All that said, conditional forgiveness is a “thing,” but it’s an infrequent thing in our lives compared to how often hurts are never confronted and, therefore, just need to be “let go” because they only damage the one holding on to them, not the one we are holding them against, as much as we like to imagine otherwise!

Yours, Because I’m His,

Pastor Scott

Believers and Oaths – June 11, 2021

Witness swearing on the bible telling the truth in the court room

“Do you solemnly swear that you will tell the truth, the whole truth, and nothing but the truth, so help you God?”

Most of us have heard those words dozens of times on “Perry Mason” or “Law and Order.”  Not many of us hear those words in person. I’m almost at the end of my sixth decade, and I’ve never been asked that question! During the first 245 years of America it’s been a safe bet that if you keep your nose clean, you’ll not stand before a judge…. But times they are a’changin’ my friends! The truth we are mandated, by The Highest Authority, to proclaim may very soon become illegal, at which time some of us could end up being asked those words, which leads us to the question:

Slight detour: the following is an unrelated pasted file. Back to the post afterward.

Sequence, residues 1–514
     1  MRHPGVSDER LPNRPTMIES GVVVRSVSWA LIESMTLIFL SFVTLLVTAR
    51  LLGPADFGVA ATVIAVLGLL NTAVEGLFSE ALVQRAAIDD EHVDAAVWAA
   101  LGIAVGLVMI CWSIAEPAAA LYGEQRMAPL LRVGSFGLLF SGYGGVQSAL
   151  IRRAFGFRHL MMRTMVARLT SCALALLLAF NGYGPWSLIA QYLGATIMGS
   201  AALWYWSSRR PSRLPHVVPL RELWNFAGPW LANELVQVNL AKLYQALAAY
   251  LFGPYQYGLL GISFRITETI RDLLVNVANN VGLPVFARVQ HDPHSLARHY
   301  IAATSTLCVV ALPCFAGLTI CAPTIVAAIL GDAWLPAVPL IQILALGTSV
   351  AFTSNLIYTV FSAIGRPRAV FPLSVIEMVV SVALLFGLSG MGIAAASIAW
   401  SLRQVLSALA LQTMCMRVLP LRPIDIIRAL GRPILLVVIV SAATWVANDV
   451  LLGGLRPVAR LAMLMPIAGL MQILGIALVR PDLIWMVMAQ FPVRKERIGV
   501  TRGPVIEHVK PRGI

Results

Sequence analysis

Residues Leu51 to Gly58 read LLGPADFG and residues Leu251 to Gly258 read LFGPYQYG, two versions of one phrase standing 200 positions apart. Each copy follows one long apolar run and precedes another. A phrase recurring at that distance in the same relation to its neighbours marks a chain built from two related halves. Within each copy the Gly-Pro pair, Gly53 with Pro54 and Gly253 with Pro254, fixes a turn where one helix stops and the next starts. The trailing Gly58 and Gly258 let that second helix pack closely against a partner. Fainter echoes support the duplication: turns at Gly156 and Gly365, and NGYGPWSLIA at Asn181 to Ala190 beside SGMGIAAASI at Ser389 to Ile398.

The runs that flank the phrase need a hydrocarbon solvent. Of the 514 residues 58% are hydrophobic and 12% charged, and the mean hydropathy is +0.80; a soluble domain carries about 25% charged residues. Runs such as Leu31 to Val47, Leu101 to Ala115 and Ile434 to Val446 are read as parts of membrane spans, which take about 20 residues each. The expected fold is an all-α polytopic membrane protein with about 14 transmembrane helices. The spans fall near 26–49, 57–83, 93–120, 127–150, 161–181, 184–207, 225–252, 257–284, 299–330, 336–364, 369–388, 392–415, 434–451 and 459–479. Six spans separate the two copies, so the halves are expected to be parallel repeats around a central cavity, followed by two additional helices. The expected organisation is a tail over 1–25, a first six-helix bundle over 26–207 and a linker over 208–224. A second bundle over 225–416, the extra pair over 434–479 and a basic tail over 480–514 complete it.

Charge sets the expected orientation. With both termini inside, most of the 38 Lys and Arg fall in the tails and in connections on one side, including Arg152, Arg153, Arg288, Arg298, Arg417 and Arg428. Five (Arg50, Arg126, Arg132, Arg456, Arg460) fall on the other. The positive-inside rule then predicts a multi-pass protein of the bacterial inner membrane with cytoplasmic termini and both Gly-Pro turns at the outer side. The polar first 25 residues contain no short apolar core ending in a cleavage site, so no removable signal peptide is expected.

Does Jesus absolutely forbid oaths?

“Again, you have heard that the ancients were told, ‘You shall not make false vows, but shall fulfill your vows to the Lord.’ But I say to you, take no oath at all, neither by heaven, for it is the throne of God, nor by the earth, for it is the footstool of His feet, nor by Jerusalem, for it is the city of the great King. Nor shall you take an oath by your head, for you cannot make a single hair white or black. But make sure your statement is, ‘Yes, yes’ or ‘No, no’; anything beyond these is of evil origin

(Matthew 5:33-37)

Clearly, Jesus wants us to be people of our word.  Clearly He does not want us to frivolously be swearing that we will keep some promise or fulfill some obligation.  Remember, “Cross my heart, hope to die, stick a needle in my eye?” But did He forbid us from swearing to His name in court?  

If all He ever said was here in chapter 5, it certainly would seem that way. Fortunately for us, the issue Jesus was confronting wasn’t so much seriously binding court testimony as it was a practice scholars today call “casuistry,” which was an elaborate hierarchy of things by which to “swear.” He brings it up again in Matthew 23 and, in that series of woes, He deconstructs their hierarchy and says in the end that all oaths are to God and God alone. While it doesn’t leave the reader feeling warm and fuzzy, it does leave one feeling that in a very formal setting (i.e., a court of law) swearing an oath to God is acceptable. That said, it’s not to be part of our everyday life!